With no concrete solutions on the table regarding the much-feared fiscal cliff, it wasn’t terribly surprising to see equity markets take a beating last week. Profit-taking pressures have been a dominant theme as negotiations in Washington D.C. have proven to be riddled with gridlock, prompting many to lock in gains ahead of the potential tax hikes. This holiday-shortened week, investors will once again see a number of key economic reports from around the world. Below, we outline three ETFs that should see a fair amount of activity during the week ahead [see also 13 Rapid Fire ETF Ideas For 2013].
1. FTSE China 25 Index Fund (FXI, B)
Why FXI Will Be In Focus: This ETF is a favorite among active traders looking to tap into China’s equity market, and it may see an increase in trading volumes on Tuesday morning as investors react to manufacturing data released the night before. With China’s slowing growth proving to be a key concern for many around the globe, this upcoming PMI report will be watched by many. Analysts are expecting the manufacturing reading to come in at 51, marking a slight improvement over last month’s reading of 50.6 [see also How To Pick The Right ETF Every Time].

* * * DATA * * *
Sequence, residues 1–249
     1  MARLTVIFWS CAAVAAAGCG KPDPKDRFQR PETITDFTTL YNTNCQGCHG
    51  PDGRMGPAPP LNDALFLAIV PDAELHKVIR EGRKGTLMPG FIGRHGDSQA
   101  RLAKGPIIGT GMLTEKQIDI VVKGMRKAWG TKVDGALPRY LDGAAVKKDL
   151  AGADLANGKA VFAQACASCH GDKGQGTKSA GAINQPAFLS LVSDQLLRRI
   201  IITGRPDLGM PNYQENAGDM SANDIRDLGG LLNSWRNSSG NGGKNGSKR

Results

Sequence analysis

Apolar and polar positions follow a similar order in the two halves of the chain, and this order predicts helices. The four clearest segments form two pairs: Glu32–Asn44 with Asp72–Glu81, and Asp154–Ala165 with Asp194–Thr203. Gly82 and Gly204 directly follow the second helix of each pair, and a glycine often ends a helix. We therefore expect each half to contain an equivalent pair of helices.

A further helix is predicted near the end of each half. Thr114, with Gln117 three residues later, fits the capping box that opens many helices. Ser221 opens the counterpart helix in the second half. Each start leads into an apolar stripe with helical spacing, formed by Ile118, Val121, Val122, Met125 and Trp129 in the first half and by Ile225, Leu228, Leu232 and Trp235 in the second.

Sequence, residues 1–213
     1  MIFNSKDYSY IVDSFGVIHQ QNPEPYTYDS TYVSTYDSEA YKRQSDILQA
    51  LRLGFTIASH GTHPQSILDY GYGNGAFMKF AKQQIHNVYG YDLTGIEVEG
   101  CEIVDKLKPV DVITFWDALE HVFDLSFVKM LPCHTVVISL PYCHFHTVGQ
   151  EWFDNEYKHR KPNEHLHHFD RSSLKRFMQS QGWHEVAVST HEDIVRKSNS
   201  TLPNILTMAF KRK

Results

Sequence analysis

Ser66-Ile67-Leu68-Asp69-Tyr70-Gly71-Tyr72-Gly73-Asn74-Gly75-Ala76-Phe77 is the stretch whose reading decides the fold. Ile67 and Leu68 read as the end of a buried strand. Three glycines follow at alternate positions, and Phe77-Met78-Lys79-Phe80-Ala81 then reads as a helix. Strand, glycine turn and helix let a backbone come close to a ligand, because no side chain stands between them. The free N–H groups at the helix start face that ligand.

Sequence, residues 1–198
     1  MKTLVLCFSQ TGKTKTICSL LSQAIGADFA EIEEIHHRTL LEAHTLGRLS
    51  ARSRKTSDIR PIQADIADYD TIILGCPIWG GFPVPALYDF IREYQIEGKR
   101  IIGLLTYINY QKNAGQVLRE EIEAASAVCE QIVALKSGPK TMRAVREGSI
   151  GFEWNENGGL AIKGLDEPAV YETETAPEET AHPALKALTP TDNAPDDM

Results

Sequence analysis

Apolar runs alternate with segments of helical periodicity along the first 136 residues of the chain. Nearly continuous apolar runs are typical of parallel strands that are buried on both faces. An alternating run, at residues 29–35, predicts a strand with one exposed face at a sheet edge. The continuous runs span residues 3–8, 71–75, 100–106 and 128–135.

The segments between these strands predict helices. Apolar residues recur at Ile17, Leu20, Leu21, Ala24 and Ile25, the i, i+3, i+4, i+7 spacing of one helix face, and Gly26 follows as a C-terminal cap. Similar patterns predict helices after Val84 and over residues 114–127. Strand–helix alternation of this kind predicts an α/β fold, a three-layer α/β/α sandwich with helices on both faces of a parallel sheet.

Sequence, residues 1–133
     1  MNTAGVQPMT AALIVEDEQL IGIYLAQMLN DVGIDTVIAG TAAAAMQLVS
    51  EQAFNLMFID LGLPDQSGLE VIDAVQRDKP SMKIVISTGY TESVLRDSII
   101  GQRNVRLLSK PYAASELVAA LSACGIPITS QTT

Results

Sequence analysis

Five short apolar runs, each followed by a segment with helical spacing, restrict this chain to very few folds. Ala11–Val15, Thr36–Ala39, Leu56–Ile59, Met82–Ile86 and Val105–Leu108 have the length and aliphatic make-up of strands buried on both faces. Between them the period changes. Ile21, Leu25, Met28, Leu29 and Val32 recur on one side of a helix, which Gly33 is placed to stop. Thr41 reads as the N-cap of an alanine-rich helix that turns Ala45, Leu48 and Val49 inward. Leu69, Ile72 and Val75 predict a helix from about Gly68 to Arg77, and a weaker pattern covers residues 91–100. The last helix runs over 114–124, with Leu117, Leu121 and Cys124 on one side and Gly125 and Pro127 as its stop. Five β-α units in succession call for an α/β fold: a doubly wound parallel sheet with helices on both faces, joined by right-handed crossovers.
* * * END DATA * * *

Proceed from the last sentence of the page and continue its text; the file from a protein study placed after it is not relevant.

2. Industrial Select Sector SPDR (XLI, A+)
Why XLI Will Be In Focus: The domestic manufacturing sector will come into the spotlight as well later in the week on Wednesday morning when ISM data hits the street. XLI, which holds bellwether companies like General Electric Co (GE), Caterpillar Inc (CAT) and Boeing Co (BA), could gap in either direction depending on investors’ reaction to the latest manufacturing data. Analysts are expecting for ISM data to come in at 50.3, marking a slight improvement over the previous reading of 49.5 [see also 17 ETFs For Day Traders].
3. S&P 500 VIX Short-Term Futures ETN (VXX, B+)
Why VXX Will Be In Focus: The Volatility Index (VIX) could start 2013 on a high note if the latest U.S. employment report sends investors scrambling to take profits. VXX could be in for a wild trading session on Friday if unemployment results greatly deviate from estimates; analysts are expecting for nonfarm payrolls to come in at 145,000 while the unemployment rate is expected to remain steady at 7.7% [see also Low Volatility ETFdb Portfolio].
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